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Educating children about ag through books

Educating children about ag through books

An Iowa farmer has authored nine books about different types of farms

By Diego Flammini
Staff Writer

A U.S. farmer is doing her part to inform children about how modern farms operate.

Katie Olthoff, a turkey producer from near Stanhope, Iowa, recently published “My Family’s Soybean Farm.”

The story follows a young boy named Alexander on his family’s soybean farm.

He takes readers on a tour of the farm, discussing how soybeans are produced for livestock feed, industrial applications and human food. He also discuss technology found on modern farms.

My Family's Soybean Farm

The soybean farm story is the ninth children’s book Olthoff has written.

Her other works, written for a third-grade audience, include stories about life on dairy, egg, turkey, beef, corn, pig and apple farms. She even wrote a children’s book about wind farms.

Olthoff, a former teacher, began writing these books after having a conversation with her pre-school-aged son.

Katie Olthoff

“He wanted to know why our farm didn’t look like the farms he saw in his books or in cartoons,” she told “My children have brought home books from school that were very derogatory towards farmers that were part of their curriculum in rural Iowa.”

Olthoff doesn’t shy away from any part of a modern farm operation.

Some school materials may not mention that livestock and poultry are processed for food.

But her books do include that step because it’s a part of farming and it’s important to be honest about agriculture, she said.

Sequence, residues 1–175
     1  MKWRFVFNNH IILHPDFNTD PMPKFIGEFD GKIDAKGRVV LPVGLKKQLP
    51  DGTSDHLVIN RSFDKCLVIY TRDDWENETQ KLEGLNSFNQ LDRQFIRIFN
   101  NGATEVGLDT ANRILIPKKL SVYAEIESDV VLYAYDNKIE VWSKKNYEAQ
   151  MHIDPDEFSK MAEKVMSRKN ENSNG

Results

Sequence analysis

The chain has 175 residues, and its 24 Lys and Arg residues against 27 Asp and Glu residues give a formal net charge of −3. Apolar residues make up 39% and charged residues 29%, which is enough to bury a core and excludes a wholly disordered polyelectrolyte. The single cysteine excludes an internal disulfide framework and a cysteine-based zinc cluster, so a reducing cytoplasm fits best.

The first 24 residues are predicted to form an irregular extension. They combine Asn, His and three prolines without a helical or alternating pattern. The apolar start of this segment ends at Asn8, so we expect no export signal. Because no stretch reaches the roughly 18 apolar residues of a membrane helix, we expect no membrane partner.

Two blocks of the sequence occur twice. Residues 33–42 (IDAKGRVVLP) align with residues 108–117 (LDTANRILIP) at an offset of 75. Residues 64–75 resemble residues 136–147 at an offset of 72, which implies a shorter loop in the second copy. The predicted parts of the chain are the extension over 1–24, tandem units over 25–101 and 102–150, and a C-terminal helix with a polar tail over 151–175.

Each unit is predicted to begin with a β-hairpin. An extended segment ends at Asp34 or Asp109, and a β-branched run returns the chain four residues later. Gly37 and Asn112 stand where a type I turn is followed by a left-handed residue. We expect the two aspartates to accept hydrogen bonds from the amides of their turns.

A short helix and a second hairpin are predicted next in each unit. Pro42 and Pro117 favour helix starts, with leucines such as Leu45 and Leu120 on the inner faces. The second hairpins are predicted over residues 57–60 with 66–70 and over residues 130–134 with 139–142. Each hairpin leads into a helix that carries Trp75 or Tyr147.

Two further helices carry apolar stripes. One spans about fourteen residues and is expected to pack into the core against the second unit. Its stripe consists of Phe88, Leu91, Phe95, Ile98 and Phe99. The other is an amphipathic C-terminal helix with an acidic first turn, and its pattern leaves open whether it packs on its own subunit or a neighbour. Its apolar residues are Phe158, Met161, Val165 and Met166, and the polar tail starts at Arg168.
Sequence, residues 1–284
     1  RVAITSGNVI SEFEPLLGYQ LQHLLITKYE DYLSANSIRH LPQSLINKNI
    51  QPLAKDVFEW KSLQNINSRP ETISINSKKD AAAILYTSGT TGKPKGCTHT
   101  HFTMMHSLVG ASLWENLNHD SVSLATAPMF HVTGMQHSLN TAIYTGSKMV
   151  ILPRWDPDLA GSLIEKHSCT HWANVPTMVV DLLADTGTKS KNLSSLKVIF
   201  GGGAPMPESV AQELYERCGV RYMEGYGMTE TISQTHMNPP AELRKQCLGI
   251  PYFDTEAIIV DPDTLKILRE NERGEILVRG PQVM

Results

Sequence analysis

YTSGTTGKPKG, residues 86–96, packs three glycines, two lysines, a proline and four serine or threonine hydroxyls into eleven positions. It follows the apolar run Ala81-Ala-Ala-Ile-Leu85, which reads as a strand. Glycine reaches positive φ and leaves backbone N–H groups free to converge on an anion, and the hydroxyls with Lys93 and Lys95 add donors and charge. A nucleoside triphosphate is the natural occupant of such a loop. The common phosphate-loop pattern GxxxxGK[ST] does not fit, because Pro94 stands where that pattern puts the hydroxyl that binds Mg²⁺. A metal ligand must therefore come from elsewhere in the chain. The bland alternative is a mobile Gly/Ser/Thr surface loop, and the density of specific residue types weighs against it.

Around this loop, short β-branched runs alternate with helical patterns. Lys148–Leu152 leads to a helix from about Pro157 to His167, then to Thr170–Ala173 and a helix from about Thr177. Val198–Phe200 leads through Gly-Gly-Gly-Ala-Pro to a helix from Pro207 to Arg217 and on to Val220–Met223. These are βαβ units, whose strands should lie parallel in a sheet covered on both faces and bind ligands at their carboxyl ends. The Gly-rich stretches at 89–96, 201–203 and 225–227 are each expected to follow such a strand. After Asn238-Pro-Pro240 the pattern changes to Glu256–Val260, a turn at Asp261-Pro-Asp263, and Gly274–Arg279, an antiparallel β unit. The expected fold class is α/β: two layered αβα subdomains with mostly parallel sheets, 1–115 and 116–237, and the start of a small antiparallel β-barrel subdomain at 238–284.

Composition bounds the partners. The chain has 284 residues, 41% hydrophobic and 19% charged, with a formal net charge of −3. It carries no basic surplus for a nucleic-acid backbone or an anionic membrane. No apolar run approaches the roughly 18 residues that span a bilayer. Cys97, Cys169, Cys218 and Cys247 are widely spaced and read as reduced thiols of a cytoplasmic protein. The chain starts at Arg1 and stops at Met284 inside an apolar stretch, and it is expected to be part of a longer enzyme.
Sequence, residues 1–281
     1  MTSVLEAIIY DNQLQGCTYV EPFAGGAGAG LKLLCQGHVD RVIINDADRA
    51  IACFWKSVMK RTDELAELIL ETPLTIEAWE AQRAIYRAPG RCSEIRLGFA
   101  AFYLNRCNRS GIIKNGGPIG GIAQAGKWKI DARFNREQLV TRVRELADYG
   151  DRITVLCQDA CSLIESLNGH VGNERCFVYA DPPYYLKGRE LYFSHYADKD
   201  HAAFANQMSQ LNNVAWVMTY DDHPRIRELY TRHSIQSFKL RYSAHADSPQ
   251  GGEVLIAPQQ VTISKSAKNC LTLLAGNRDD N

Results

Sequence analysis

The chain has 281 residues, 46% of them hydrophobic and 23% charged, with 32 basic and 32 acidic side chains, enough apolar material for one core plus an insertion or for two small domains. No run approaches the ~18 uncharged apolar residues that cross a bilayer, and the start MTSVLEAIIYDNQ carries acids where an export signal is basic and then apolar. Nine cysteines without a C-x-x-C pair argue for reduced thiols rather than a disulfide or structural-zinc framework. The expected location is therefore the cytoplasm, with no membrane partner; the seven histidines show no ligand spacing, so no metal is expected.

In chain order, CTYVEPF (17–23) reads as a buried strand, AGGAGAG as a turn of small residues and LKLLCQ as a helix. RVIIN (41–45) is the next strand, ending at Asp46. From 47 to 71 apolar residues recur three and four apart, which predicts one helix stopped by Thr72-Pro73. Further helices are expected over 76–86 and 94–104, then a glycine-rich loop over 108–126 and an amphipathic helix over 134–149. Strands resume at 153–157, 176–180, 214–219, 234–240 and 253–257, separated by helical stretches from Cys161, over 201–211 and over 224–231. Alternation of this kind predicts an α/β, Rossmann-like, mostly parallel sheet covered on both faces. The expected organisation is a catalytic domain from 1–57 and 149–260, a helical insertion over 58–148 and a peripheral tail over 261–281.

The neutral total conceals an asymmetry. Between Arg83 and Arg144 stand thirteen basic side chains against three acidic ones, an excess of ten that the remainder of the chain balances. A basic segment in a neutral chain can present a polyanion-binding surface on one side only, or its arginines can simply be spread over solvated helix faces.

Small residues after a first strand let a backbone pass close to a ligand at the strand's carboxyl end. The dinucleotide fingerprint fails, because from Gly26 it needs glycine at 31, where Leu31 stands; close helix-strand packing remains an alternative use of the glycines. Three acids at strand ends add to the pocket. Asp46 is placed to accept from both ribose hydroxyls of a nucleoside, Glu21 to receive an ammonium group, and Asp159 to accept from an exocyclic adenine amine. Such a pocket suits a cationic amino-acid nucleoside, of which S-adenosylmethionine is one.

“Transparency in food production is really important right now,” she said. “Younger consumers are looking for the story about how their food is produced and we, the farmers, are there to provide the story starting at a young age.”

The books also include small details that can be important in the big picture.

In the soybean book, for example, the illustrator drew the farm mom operating the combine.

“That’s not typically how (farm moms) are portrayed in children’s literature, so it was great to see that,” Olthoff said. “I know plenty of farm moms who are out there running the combine at harvest time.”

Engaging young minds about food production now is important.

These children will grow up to be consumers, so providing them with the right information will help them make better decisions as adults, Olthoff said.

The soybean book is available through Feeding Minds Press, the American Farm Bureau Foundation for Agriculture’s printing press.

The other eight books can be purchased through the Iowa Ag Literacy Foundation and other online retailers.

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